The People’s Will Is the Foundation of the State.
The notion of the people’s will being the foundation, or the “roots,” of government comes from a dialogue between a king of the Shang Dynasty and Houfu (in a text found on bamboo slips of the Warring States Period). Houfu said to the king, “The people’s will is like the roots of a tree: they support the leaves.” By that he meant that public support was the foundation of the state, and without it the state or political power would perish. The ancients believed that a government was legitimate so long as it “followed the mandate of heaven and complied with the wishes of the people.” The people’s wishes were a prerequisite of heaven’s will, and only if the state complied with the people’s wishes, would it enjoy lasting stability. This notion is identical to the concept that the people are the foundation of the state.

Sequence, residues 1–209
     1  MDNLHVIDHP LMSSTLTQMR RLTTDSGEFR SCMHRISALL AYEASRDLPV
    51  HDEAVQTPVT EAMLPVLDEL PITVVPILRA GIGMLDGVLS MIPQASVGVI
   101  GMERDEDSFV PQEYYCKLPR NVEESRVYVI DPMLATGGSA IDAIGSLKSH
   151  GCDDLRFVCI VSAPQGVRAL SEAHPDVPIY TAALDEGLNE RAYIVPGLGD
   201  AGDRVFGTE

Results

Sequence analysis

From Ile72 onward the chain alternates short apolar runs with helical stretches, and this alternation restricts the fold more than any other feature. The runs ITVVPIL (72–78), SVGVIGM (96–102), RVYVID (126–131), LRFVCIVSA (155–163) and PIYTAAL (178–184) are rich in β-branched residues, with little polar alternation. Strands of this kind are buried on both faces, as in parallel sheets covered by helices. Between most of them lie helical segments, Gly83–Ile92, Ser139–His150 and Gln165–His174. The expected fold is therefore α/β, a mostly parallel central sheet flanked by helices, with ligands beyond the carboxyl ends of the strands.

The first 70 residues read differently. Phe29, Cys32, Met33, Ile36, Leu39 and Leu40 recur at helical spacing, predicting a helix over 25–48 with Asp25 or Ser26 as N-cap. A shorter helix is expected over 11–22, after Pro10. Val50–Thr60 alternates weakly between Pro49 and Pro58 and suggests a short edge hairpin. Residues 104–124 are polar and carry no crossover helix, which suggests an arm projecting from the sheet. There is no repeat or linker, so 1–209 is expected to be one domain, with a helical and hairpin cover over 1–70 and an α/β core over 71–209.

There is a way to win all under heaven: if you win the people, you win all under heaven. There is a way to win the people: if you win their hearts, you win the people. There is a way to win their hearts: amass for them what they desire, do not impose on them what they detest, and it is as simple as that. (Mencius)
Governing a country is like planting a tree. If the roots are firm, the leaves and branches flourish. (Wu Jing: Important Political Affairs of the Zhenguan Reign)
The people are the foundation of the state. If the roots are not firm, the branches and leaves of the tree cannot but follow suit. (Su Shunqin: Memorial to the Emperor)